After news that Kerr would take a leave of absence at the beginning of this season to recover from back surgery complications, it was the players' response that solidified their power.

Walton was secretly terrified that the team would get off to a mediocre start and he would be blamed for messing up the good thing the Warriors had going. Instead, the opposite happened. The Warriors studied harder and took copious notes under the substitute teacher. They started winning and wouldn't stop, leading the coaches to cede to the players' desire to keep it going. Curry & Co. made it known they wanted their place in history for the best start to a season and had their eyes on the most unassailable mark in team sports, the 1971-72 Lakers' 33-game winning streak. So Walton went with playoff-type rotations instead of strategic rest until the winning finally ended after 25 games.

By the time Kerr returned, the Warriors had a 39-4 record under Walton, even if an arcane piece of NBA accounting means the stellar winning percentage technically belongs to Kerr. (Kerr, being Kerr, said he was expecting 40-3 but would settle for this.) Walton established a new standard for interim coaches.

"Makes me just feel like I really could have done better," said Indiana Pacers coach Frank Vogel, who had no previous head-coaching experience when he took over for Jim O'Brien in 2011 and finished the season 20-18. "Clearly he set the bar higher than anybody's ever set it. That's a credit to him."

When I pointed out that it helped to have players like Curry, Green and Klay Thompson, Vogel said: "There's plenty of coaches with talent that haven't done what he's done."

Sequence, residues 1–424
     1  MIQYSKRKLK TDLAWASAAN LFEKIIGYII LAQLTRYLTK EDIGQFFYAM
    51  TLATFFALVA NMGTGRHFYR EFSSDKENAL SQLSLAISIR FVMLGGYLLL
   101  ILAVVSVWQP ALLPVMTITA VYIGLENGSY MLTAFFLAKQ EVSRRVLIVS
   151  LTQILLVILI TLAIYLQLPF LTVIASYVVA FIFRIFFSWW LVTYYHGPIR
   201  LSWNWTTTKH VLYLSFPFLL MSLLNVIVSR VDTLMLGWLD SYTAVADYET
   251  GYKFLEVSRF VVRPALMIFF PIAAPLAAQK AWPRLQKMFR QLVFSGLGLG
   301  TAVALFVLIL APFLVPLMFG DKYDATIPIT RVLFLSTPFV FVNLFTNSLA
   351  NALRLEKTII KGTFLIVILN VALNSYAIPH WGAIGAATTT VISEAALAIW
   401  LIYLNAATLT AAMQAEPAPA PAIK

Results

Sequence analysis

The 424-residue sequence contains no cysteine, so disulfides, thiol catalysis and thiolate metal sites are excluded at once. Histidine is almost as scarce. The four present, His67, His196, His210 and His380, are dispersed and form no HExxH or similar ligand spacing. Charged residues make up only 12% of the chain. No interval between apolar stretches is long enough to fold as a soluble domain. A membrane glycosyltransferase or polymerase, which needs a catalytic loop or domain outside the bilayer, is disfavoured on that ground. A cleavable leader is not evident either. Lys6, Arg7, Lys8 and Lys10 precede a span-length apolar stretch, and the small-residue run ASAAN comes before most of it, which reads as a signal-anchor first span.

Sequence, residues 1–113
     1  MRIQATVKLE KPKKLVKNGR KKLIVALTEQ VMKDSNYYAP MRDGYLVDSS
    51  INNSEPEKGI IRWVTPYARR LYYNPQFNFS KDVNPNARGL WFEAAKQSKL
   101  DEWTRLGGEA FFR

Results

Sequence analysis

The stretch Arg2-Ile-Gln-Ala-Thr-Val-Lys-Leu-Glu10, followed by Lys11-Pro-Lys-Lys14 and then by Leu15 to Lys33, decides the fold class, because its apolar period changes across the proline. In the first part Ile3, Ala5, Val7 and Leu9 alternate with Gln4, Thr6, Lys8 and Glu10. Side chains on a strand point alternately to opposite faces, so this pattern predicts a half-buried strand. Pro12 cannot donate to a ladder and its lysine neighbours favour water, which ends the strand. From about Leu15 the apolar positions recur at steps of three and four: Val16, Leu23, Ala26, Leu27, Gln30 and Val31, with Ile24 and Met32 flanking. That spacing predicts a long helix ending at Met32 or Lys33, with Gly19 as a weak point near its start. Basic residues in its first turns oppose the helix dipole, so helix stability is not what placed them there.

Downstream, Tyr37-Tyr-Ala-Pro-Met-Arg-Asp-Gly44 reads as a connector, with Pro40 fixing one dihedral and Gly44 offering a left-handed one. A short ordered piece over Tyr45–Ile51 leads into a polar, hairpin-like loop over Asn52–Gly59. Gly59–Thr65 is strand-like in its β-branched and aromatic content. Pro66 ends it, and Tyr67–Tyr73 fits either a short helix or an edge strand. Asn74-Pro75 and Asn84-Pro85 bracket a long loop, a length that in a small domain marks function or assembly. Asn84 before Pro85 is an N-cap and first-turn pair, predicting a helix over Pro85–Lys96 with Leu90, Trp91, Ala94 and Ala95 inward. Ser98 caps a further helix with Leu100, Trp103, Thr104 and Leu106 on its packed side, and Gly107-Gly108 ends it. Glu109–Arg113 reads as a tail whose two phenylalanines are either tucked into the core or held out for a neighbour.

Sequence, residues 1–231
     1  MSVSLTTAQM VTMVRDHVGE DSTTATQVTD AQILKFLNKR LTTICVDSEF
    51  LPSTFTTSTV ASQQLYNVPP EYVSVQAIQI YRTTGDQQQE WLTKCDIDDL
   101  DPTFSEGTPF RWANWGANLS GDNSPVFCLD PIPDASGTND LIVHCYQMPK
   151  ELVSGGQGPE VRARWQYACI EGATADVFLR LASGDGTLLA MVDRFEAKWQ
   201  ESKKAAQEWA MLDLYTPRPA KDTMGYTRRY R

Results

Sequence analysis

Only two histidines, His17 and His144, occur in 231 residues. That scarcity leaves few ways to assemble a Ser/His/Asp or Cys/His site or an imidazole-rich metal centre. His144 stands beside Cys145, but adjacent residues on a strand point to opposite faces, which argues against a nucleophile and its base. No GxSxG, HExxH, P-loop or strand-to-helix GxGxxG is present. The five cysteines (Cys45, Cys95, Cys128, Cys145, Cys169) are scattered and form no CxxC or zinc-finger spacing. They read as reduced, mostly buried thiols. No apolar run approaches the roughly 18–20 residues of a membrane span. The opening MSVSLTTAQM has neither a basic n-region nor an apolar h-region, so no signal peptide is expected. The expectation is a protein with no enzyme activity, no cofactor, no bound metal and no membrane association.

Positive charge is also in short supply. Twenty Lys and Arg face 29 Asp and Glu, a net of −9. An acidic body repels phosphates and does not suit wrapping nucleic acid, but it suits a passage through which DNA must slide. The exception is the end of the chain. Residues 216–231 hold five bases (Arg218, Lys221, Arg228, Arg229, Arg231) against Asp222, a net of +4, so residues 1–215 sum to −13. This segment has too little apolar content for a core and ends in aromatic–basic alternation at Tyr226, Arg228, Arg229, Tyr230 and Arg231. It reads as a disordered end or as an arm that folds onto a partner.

Not everyone can get the most out of great players. For all the talented teams Shaquille O'Neal led, he only won championships when he was coached by Phil Jackson and Pat Riley. While it's too early to put Walton in their category, we can at least give him some credit for this remarkable stretch.

"What made Luke so effective running the show for us is, you always hear, 'Man that guy's different as a head coach than he was as an assistant coach,' and it wasn't [that way] with Luke," Green said. "He kept his same demeanor that he always has. Obviously there was a bigger responsibility, and he took that responsibility head-on. He ran the show. He decided everything that needed to be decided. But he was still that guy that we'd gotten to know over the past year and a half."

In a way, Green is saying that the best thing Walton did was do nothing. Stay the same. And that's the best thing the players did. Oh, they've made improvements (in Green's case, he studied film of his pick-and-roll plays to see where he could have made better decisions), but their greatest attribute is maintaining effort and intensity despite the coaching shakeup.

The Warriors players have created a rare culture of self-accountability in the NBA. The easiest thing for players to do is get someone else to pay for their failures. Two of the four coaches in last year's conference finals didn't even last until the All-Star break -- Houston's Kevin McHale's firing preceded Blatt's. The Warriors have flexed to the opposite extreme. They turned their "ex" coach into somebody's next coach without costing their current coach his job. Now that's powerful.